Being Contrary With Those Contrary With Muskrat Falls

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I doubt that anyone could conceive of a more farcical debate than is currently existing throughout Newfoundland and Labrador with regards to the hydroelectric development of Muskrat Falls. It is as if a chunk of our population developed an instant dislike of project the moment it was proposed and have held fast to their position regardless of any debate or reason. It is unfair to belittle them for their opinions as all Newfoundlanders and Labradorians are entitled to have them, but when said opinions are affecting public policy then they must be defensible. This is where most of the arguments against developing Muskrat Falls begin to come apart as they cannot hold against the force of logic and reality. It becomes even more apparent when one attempts to analyze the criticisms of the development individually.

 

Costs seem to be perhaps the greatest concern when criticizing the project. The price tag of $6.2 billion as per Nalcor's projections is certainly hefty, but there are mitigating factors, such as at least $1.2 billion of the sum being paid by Emera as their part of the deal. In addition, this sum is not instantly paid by Nalcor and our government, but is spread over several years of construction. Once the infrastructure is in place, it then cost only a few million a year to maintain and operate and we then have installations that would continue to produce for decades. Since the Upper Churchill facilities are expected to last a minimum of seventy years from their creation without expensive and massive retrofitting, I think it is safe to assume we can expect the same from Muskrat Falls. So spread over such a time frame, the up-front costs of the hydroelectric development are certainly cost effective, if not outright cheap when considering the other options for power development to meet our growing needs. The alternatives, such as installing wind turbine generation, new island-based hydroelectric developments, and retrofitting Holyrood, have their own costs and since we would probably need them all, I think we would reach a comparable price tag of billions of dollars rather quickly. We would be looking at even greater yearly costs as any such developments, save hydroelectric power, can even begin to meet the lifespan of the Muskrat Falls development. For those who point out that power rate will probably increase from the project, they ignore the fact that the power rates we pay will increase over time anyway and that Holyrood is dependent on oil, which is decidedly more expensive than the free water that hydro development utilizes.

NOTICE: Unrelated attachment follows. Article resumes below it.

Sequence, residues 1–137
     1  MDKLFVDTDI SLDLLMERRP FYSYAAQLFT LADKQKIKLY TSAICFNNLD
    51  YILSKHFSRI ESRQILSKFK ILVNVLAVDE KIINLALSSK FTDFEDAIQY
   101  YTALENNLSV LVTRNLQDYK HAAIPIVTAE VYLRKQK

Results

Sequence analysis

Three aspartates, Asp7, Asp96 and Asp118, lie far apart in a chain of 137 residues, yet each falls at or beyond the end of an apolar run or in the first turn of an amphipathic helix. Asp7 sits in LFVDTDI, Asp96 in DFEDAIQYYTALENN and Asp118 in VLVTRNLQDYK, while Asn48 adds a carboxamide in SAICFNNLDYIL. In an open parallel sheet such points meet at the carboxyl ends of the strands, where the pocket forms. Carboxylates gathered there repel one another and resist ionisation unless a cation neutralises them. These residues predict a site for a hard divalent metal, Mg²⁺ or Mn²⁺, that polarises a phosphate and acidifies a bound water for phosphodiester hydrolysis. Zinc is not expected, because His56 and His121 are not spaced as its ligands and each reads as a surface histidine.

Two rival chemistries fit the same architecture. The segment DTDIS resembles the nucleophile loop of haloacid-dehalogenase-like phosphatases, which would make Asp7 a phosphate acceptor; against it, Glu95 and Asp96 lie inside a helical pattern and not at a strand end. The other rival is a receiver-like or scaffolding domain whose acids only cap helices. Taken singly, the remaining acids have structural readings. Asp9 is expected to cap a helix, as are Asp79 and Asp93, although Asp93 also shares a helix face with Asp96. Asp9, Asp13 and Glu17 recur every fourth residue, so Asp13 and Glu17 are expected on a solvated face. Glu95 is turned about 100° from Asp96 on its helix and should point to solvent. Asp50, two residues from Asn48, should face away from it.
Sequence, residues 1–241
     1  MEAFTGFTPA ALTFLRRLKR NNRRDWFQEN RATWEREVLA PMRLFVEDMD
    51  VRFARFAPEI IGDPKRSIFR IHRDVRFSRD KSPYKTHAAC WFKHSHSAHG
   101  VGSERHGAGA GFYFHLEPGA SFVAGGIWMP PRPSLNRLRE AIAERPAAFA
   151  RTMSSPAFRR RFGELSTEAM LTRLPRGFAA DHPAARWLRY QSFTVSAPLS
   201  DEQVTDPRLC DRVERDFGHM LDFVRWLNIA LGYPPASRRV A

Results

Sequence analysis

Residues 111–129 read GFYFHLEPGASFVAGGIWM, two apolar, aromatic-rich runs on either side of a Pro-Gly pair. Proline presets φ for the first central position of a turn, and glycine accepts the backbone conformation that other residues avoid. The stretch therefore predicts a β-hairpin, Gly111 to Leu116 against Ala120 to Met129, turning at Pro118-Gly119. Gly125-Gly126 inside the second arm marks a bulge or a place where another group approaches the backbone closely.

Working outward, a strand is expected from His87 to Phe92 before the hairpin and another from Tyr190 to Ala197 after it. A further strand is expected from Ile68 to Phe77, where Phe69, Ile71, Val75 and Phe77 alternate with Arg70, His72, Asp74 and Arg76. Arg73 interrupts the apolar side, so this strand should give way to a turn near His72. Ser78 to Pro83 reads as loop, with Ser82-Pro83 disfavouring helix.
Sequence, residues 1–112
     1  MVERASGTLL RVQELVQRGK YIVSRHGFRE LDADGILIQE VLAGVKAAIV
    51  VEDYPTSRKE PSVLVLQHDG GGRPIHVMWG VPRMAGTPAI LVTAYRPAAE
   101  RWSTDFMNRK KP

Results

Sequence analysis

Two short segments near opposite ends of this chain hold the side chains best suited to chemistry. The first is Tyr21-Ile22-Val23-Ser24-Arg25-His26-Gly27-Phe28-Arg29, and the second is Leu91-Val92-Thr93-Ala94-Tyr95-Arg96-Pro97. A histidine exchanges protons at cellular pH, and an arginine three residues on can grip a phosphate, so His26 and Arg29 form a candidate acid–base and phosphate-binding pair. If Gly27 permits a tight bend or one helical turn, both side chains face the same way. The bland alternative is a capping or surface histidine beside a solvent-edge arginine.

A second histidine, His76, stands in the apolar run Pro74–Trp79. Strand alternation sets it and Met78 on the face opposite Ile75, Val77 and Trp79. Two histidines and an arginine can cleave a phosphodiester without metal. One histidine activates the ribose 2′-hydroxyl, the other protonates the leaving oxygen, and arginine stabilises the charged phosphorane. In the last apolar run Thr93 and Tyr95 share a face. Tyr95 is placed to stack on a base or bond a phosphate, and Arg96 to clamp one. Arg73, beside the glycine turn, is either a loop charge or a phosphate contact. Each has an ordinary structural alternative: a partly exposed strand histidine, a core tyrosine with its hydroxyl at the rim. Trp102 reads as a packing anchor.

Environmental concerns seem to also be a mainstay of those who oppose the project. There are those oppose the possible flooding that will occur from the development and the effects it could have our environment. Herds of moose and caribou have certainly adapted to the hydroelectric developments in Newfoundland and to a comparable extent in Labrador thus mitigating concerns about endangering their survival. Other species will adapt and possibly prosper in the limited changes the development would bring. We also have decades of wildlife and forestry research since the original developments of Bay D'Espoir and Upper Churchill to learn from and to use to mitigate any negative results. Then there is the climate change aspect. Without pursuing hydroelectric development, such as Muskrat Falls, the burning of fossil fuels at Holyrood will continue and will probably have to be expanded to meet future needs. All that extra carbon in the air is a concern that must be considered. As for green energy alternatives, they too have an impact upon the environment; wind turbines can pose a hazard to birds and we would also have to use vast tracts of land for wind farms and transmission facilities. Environmentally speaking, Muskrat Falls is arguably far better than the alternatives and can only be viably criticized if you wish to have no impact upon the environment and thus no power generation at all.